On 20 September 2016, the European Commission fined Altstoff Recycling Austria (“ARA”) under Article 102 TFEU for abusing its dominant position in the Austrian waste management market by blocking its downstream competitors from reasonable access to its necessary upstream infrastructure.
What’s unique in this case is that the EC granted ARA a 30% discount for cooperating with the investigation. This has been the first time in over a decade that the Commission reduced a fine imposed in an abuse case, and is a clear signal to dominant companies: The Commission is prepared to acknowledge cooperation – but at the same time it wants to send a clear warning signal to the market by setting out the concrete infringement and fine the company (even if the fine is discounted).

In February 2016, Margarethe Vestager, the European Competition Commissioner, publicly stated that she was “open for discussions with [dominant] companies that are willing to cooperate”, while noting that it had been more than a decade since the Commission last used that possibility outside cartels. On the same day that the EC published the ARA decision, Vestager gave a speech at the 10th Annual Global Antitrust Enforcement Symposium, recognising that the statement made in February was an invitation of cooperation to companies under investigation for antitrust abuse, and expressing her hope “that this type of cooperation will be the start of a trend.”

The Commission indicates in its press release that ARA cooperated with the Commission by:

  1. acknowledging the infringement;
  2. ensuring that the decision could benefit from administrative efficiencies; and
  3. proposing a structural remedy by offering to divest the part of the infrastructure that enabled the abuse.

As a result of ARA’s cooperation, the Commission is able to deal with the case on a shorter time scale and with fewer resources, and can more quickly turn its attention to other important investigations.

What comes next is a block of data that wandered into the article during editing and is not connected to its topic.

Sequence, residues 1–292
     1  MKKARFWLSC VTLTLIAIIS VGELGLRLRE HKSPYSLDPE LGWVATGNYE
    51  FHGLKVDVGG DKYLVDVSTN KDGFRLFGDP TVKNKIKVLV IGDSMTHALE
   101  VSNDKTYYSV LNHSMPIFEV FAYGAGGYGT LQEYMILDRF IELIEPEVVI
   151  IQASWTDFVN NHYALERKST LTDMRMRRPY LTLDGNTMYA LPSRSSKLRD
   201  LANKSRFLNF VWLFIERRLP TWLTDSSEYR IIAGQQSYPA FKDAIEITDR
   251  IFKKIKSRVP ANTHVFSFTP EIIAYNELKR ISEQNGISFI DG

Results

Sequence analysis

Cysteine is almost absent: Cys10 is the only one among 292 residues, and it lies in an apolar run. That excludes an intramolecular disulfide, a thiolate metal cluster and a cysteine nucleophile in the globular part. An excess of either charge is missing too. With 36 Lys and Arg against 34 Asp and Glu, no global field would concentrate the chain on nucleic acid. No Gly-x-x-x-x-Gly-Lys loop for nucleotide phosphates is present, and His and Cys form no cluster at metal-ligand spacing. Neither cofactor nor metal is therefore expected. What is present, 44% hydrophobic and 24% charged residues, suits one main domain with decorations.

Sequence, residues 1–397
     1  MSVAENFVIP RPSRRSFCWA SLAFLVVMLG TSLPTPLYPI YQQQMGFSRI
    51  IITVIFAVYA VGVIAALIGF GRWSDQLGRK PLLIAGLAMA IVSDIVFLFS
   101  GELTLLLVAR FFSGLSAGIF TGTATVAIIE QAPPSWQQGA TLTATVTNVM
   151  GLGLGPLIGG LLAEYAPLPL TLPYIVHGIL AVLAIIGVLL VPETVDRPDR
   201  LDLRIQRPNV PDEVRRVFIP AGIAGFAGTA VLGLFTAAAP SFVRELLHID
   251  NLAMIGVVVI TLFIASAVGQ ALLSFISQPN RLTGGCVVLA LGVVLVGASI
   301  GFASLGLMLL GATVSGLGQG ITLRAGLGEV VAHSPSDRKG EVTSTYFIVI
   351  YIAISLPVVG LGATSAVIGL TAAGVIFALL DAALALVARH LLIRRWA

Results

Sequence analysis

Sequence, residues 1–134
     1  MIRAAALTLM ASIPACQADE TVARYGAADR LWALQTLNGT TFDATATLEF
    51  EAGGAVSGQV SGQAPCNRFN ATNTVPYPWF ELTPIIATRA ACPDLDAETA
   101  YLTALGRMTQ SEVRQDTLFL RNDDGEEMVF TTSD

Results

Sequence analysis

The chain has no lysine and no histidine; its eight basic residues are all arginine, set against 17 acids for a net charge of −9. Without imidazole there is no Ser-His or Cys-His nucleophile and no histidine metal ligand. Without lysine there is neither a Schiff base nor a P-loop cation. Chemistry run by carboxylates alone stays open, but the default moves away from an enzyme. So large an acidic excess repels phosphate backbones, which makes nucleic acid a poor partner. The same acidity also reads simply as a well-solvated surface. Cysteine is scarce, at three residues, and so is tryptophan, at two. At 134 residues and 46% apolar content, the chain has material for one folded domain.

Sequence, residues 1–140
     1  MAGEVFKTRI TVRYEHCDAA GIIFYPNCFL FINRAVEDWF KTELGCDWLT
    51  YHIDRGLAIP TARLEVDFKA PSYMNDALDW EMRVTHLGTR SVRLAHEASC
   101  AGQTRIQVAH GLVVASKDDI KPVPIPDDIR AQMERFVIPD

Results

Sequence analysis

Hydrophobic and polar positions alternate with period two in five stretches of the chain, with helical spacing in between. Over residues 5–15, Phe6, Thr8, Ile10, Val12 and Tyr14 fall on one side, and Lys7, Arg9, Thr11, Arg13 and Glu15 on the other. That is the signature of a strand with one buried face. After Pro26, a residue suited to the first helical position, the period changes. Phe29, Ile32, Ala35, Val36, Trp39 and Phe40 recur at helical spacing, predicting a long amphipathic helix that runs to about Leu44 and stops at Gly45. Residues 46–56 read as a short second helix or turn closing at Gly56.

The discount was granted on the basis of Paragraph 37 of the 2006 Fining guidelines, which allows for a departure from the general fining methodology due to “the particularities of a given case”. It may seem unusual that this paragraph, which also suggests increasing a fine for deterrence effect, would be used in this way, as the Commission’s regular practice to settle abuse of dominance cases is by accepting commitments pursuant to Article 9 Regulation 1/2003. That provision allows companies to offer commitments that are intended to address the competition concerns identified by the Commission. If the Commission accepts these commitments it adopts a commitment decision making them binding on the parties without establishing an infringement.

The European Commission, in a factsheet about the ARA case, expressly explained that some cases are not suitable for such a commitment decision because the infringement of competition rules has already finished or because the European Commission wishes to establish the finding of an infringement and to impose a fine. So the Commission uses Paragraph 37 as a carrot and a stick: It sends a clear warning signal to companies involved in any abuse of dominance cases that it may bring the respective conduct to an end and may fine them. At the same time, companies that cooperate may benefit from discounts of the fines that can even exceed discounts available at national level.

While the use of Paragraph 37 in this case therefore is of note, it’s not the first time that the Commission has granted a discount to cooperating dominant companies.

The practice of granting dominant companies a cooperation discount existed even before Paragraph 37 came into force. For example, in Hilti (1988), the Commission used the facts that Hilti had cooperated with the Commission and had instigated a compliance programme as mitigating factors when considering the gravity of the infringement as prescribed by Article 15 of the then EEC Council Regulation No.17 1962 (equivalent to Regulation 1/2003). This was despite the fact that the Commission had not at that time issued fining guidelines that formally required taking account of the parties’ cooperation as extenuating circumstances.

While a new trend of fine discounts for cooperation in abuse cases is welcome, the use of Paragraph 37 as a legal basis can be challenging for companies as it lacks the clarity and consistency of a leniency or settlement notice. At the same time, abuse cases are notoriously difficult for enforcers as they tend to lack the type of “smoking gun” evidence available in cartels, so developments of procedural efficiency could have a significant effect on the number of cases the Commission is willing to open. It remains to be seen whether the Commission intends to make use of this new form of cooperation “bonus scheme” more regularly and if yes, whether it will issue more guidance in order to legitimise the expectations that dominant companies and their counsel may have when entering into such cooperation.